Darn Those Deer!
(ARA) – With fall and winter right on our heels you’re probably thinking you’re out of the woods when it comes to deer damage in your backyard landscapes. Wrong. Actually, fall and winter mark the beginning of the worst seasons for deer damage to your landscapes. Deer will eat just about anything in the winter — their food supply is low and they can’t be choosy. They are hungry enough in the winter to eat vegetation that they ordinarily would not eat.
As with other wildlife, land development has reduced deer’s natural habitat. Combine that with a lack of natural predators and easy access to your landscapes and modern-day deer not only survive, they thrive!
The most important thing to understand about fighting deer is that it’s easier to prevent damage than to react to it. So it behooves you to know your enemy and stay at least one step ahead of them. Deer are creatures of habit — they establish feeding patterns and return to the same spot over and over again, even when that same spot stops offering enough food for them.
You can be sure deer have been munching on your landscapes this fall and winter if you see:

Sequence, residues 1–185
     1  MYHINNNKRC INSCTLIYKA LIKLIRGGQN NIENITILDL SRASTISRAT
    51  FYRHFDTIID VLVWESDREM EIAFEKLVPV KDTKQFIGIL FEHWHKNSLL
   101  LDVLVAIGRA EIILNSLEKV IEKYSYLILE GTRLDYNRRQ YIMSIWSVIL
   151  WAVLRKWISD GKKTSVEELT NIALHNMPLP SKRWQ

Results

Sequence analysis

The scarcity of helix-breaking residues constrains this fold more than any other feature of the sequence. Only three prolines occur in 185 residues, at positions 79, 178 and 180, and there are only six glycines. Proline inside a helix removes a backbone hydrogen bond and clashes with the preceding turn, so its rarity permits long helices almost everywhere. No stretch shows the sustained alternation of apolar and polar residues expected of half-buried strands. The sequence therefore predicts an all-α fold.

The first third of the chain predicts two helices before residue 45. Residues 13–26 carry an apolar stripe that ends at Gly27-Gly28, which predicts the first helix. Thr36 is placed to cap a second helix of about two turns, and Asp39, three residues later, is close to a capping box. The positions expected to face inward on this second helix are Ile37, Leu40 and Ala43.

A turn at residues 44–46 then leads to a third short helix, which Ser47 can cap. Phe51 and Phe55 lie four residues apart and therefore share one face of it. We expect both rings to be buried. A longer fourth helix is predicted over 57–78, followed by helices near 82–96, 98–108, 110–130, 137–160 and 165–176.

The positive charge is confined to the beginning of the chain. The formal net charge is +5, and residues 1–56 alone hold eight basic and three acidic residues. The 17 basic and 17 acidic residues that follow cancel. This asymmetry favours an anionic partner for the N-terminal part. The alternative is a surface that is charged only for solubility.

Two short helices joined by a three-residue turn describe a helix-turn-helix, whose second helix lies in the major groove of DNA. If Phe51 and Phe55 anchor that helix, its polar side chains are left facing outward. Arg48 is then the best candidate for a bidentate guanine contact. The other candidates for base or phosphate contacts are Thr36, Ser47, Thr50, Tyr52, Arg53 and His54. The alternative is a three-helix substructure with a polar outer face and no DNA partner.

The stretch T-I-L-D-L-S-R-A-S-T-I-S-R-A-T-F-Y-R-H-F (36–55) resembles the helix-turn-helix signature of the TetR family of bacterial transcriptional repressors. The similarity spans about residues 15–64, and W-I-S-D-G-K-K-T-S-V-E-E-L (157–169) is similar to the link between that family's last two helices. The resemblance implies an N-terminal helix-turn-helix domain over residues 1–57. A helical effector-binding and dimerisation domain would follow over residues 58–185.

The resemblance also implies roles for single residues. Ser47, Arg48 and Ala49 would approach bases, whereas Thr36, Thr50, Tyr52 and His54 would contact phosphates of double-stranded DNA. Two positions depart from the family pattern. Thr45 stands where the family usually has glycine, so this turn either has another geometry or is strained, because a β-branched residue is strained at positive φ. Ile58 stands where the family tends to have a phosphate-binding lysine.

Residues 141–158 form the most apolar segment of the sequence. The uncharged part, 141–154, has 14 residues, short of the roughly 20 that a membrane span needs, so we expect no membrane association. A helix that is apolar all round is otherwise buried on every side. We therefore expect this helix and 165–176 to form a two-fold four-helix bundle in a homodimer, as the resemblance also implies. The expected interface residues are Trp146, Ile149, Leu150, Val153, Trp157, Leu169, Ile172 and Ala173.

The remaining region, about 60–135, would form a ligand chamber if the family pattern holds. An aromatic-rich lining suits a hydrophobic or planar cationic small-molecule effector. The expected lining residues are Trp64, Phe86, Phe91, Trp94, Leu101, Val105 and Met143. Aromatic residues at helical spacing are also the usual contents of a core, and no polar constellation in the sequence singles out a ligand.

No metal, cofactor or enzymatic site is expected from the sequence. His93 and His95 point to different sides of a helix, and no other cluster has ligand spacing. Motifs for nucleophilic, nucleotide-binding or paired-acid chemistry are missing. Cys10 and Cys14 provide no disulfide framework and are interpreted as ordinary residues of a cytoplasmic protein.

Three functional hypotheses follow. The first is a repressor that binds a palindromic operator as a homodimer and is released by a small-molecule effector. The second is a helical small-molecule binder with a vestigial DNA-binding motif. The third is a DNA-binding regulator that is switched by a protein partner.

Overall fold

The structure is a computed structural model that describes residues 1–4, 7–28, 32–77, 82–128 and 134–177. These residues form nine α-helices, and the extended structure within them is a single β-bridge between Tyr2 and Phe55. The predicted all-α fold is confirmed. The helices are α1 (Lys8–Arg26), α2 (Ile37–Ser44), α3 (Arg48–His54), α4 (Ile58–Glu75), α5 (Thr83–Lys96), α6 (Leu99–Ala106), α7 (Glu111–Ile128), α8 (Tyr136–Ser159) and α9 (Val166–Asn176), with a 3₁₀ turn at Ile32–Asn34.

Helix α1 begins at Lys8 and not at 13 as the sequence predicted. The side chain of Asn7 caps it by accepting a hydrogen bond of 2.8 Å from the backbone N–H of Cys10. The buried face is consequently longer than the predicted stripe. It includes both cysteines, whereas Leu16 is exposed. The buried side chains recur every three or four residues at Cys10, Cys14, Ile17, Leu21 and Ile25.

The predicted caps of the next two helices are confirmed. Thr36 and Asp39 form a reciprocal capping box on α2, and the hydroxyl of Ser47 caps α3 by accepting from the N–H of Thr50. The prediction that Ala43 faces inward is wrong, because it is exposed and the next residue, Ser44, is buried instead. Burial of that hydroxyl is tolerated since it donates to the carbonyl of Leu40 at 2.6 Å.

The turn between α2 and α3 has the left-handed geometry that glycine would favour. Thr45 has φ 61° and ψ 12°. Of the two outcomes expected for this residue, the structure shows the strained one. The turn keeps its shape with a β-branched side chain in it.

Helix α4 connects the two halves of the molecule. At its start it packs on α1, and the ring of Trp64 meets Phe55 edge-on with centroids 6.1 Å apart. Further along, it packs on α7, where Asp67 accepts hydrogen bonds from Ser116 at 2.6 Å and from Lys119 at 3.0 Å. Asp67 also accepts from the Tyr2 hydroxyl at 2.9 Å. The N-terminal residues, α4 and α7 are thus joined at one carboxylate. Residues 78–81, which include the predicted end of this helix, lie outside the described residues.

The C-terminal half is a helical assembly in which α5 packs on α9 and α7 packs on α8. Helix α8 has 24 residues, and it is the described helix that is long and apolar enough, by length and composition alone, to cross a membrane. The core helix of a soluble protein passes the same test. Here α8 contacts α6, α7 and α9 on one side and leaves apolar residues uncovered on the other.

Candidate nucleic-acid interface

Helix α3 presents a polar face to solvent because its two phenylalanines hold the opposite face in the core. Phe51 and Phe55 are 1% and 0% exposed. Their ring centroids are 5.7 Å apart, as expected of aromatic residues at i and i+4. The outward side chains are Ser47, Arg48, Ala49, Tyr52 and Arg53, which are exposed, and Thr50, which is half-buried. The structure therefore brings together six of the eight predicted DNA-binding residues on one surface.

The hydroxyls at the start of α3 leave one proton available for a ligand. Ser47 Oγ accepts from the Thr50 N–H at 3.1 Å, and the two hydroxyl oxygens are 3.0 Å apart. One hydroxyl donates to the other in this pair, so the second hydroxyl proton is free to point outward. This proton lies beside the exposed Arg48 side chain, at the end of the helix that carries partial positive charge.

- Rub marks on trees where bucks have rubbed their antlers to mark their territory; the tree bark is actually rubbed off.
- Any kind of torn vegetation is also another telltale sign. Deer do not have incisor teeth, and therefore, they ‘rip’ the vegetation when they bite into it.
- If your damage is found off the ground, up to 6 feet, you can be sure small animal damage can be ruled out.
- Deer tracks are also easy to identify. The prints are about 2 to 3 inches long and are shaped like broken hearts.
So what do you do to keep the deer out of your backyard? There are loads of ‘home remedies’ that have been tried with varying results â